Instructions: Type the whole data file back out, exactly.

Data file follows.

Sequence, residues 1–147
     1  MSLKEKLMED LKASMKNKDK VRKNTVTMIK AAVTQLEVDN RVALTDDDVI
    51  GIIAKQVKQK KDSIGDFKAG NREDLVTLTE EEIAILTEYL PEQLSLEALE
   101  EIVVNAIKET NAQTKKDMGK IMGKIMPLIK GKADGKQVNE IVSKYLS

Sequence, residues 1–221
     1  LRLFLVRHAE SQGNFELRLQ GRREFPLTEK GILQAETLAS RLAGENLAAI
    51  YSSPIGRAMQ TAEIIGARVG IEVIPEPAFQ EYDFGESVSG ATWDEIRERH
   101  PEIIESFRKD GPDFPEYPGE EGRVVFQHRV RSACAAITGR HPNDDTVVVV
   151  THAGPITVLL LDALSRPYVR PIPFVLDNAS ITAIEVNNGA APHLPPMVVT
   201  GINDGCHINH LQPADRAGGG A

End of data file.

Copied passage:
Sequence, residues 1–147
     1  MSLKEKLMED LKASMKNKDK VRKNTVTMIK AAVTQLEVDN RVALTDDDVI
    51  GIIAKQVKQK KDSIGDFKAG NREDLVTLTE EEIAILTEYL PEQLSLEALE
   101  EIVVNAIKET NAQTKKDMGK IMGKIMPLIK GKADGKQVNE IVSKYLS

Sequence, residues 1–221
     1  LRLFLVRHAE SQGNFELRLQ GRREFPLTEK GILQAETLAS RLAGENLAAI
    51  YSSPIGRAMQ TAEIIGARVG IEVIPEPAFQ EYDFGESVSG ATWDEIRERH
   101  PEIIESFRKD GPDFPEYPGE EGRVVFQHRV RSACAAITGR HPNDDTVVVV
   151  THAGPITVLL LDALSRPYVR PIPFVLDNAS ITAIEVNNGA APHLPPMVVT
   201  GINDGCHINH LQPADRAGGG A